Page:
A quick summary of two relatively recent court decisions in the UK explaining why having a British granted patent now gives you generally greater protection under the newly adopted ‘doctrine of equivalents’ without the limitation of ‘file history estoppel’.
At the end and in view of the above, this article also gives some suggestions to consider when you are now writing a new patent (or having a new patent written for you).
Recent Decision 1:
Excel-Eucan Limited v Source Vagabond Systems Limited
The patent relates to a ‘link-tail’ bag for feeding ammunition to a machine gun:
The single granted independent claim reads:
Shown below(1) are the Link-Tail (top example, and subject of the above claim 1), and the 2017 Bag (lower example, and competitor product); in both cases with the top flap open at the right hand end:
The important bit to notice is that the competitor bag (the ‘2017 Bag’) at the bottom does not have a zipped opening (you can see the zipped opening in the patented ‘Link-Tail’ bag at the top and circled) or indeed any openable closure along its length. If you re-read the claim above, you can see that the ‘openable closure’ is a required feature of the granted claim.
The judge concluded: ‘I am satisfied that the 2017 Bag (ed: competitor product) achieves the same result in substantially the same way as the invention. Both bags can be loaded horizontally and/or vertically and substantially the same result is achieved. In neither case is the openable closure necessary.’ Highlights added.
Granted claim 1 clearly requires ‘an openable closure extending substantially from the first end to the second end’. The court held that this feature is immaterial to the ‘inventive concept’.
Therefore, infringement was found.
This is a positive outcome for the patent owner. A product without all of the features of their granted claim 1 was still held to infringe.
Recent Decision 2:
Icescape Limited v Ice-World International Bv & Ors
Ice-World’s patent is for cooling a mobile ice rink.
To make transport easier, the cooling system of manifolds feeding cooling pipes can be folded up.
The diagram below(2) from Ice-World’s patent shows two ‘elements’ or sections of the Ice-World design (41, 42, each highlighted by a green box). Each section (41, 42) has a main feed pipe or manifold (43, 45, circled in purple) and a discharge manifold (44, 46, also circled in purple).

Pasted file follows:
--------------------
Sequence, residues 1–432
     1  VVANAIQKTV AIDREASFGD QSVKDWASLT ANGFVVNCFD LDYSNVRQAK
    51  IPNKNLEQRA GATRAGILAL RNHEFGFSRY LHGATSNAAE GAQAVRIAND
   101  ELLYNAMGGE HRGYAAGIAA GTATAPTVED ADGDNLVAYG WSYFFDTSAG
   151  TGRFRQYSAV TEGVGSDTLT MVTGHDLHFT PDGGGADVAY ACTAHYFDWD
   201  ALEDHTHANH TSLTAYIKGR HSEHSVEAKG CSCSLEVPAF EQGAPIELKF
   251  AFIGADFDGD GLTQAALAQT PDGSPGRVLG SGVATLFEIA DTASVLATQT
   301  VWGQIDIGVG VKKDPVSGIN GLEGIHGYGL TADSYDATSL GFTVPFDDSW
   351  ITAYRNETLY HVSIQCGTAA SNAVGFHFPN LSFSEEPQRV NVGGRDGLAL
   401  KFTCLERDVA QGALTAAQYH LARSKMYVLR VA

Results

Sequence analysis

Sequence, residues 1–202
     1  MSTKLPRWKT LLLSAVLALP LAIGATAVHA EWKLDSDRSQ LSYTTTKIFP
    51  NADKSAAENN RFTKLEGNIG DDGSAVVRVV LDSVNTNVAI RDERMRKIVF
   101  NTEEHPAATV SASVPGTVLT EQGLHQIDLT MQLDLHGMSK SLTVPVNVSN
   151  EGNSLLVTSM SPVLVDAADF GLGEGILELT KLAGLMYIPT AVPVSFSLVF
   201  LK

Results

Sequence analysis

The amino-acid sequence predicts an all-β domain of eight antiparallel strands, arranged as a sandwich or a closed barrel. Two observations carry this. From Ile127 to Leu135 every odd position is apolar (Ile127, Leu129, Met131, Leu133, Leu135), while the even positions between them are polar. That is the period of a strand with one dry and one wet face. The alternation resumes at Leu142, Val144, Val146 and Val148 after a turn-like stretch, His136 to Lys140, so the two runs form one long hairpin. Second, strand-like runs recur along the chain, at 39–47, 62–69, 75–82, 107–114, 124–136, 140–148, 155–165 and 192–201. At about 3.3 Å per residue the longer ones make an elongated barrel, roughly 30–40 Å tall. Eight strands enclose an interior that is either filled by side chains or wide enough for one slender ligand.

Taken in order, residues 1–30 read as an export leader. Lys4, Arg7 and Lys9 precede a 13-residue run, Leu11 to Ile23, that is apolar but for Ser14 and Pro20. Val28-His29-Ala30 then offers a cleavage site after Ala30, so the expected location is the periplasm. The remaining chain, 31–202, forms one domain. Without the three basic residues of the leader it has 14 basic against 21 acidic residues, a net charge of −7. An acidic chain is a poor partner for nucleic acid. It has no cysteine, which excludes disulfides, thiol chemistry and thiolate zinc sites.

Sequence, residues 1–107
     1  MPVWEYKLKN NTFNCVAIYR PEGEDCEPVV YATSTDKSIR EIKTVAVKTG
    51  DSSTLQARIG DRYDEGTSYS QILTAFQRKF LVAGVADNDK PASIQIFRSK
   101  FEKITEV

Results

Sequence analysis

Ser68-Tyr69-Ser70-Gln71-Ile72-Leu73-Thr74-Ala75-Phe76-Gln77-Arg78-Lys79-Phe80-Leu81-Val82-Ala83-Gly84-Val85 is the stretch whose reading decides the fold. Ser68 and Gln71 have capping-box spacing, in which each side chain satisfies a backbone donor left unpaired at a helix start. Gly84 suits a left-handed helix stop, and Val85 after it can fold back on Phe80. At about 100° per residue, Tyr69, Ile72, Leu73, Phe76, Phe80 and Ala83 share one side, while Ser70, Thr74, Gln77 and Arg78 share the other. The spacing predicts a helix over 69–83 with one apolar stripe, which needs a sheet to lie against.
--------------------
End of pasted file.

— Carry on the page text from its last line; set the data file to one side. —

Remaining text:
The feed and discharge manifolds of the two sections (41, 42) are connected to each other via joints 47 and 48 (circled in red) respectively.
As such, the cooling fluid entering the feed manifold (45) of the second section (42) must pass through the feed manifold (43) of the first section (41). The same applies to the discharge manifolds (44, 46), albeit in a reverse direction of flow.
In other words, the ections (41, 42) are considered to be connected in series or one after the other.
Each section (41, 42) also has a number of longitudinal cooling pipes (50, 51, circled in blue) which have a ‘first series’ or bank of pipe sections (68, 68’, 68’’) connected in series with a ‘second series’ or bank of pipe sections (69, 69’, 69’’) by flexible joint members 70 (circled green). The result of the above is that this jointing (70) of the various pipes (50, 51) allows folding of the system to permit easier transport for mobile ice-rink applications.
The variant by Ice-World’s competitor, Icescape, is diagrammatically shown below(2). The arrangement has three ‘elements’ or sections (E1, E2, E3, highlighted as green boxes).
Each section of the competitor’s system has a feed manifold (F3, circled in purple), a discharge manifold (D3, circled in purple) and cooling pipes ‘C’ (circled in blue) extending in parallel with each other.
The cooling pipes ‘C’ comprised foldable joints, which are not visible in the diagram below.
However, Icescape believed that they would circumvent the Ice-World patent if they positioned their sections (E1, E2 and E3) such that the fluid entering the feed manifold (F3, circled in purple) of any of the three sections (E1, E2, E3) did not pass through the feed manifold of any other of the three sections (E1, E2, E3).
In other words, the sections (E1, E2, E3) are in parallel, rather than in series.
As such, in the Icescape arrangement, there is no equivalent to the joints (47 and 48) in the Ice-World patent.
Icescape believed that this separated them sufficiently from the Ice-World patent:
Granted claim 1 of the Ice-World patent was set out in integer form (i.e. as a list) by the judge(2):
“Cooling member (21, 40) for a mobile ice rink provided with:
a feed manifold (43, 45) extending in a transverse direction and a discharge manifold (44, 46), and a number of longitudinal pipes (50, 51) which extend transversely to the manifolds and can be connected at a first end (53, 54) to a manifold (43, 44, 45, 46), two longitudinal pipes (50, 51) in each case being in fluid communication with one another at a second end (60, 61) via a connector (27, 63), so that a fluid path is formed from the feed manifold (43, 45) to the discharge manifold (44, 46) via the two connected longitudinal pipes (50, 51), characterised in that
- the cooling member comprises at least two elements (41, 42), each with a feed manifold (43, 45) and discharge manifold (44, 46) and a number of longitudinal pipes (50, 51) connected thereto,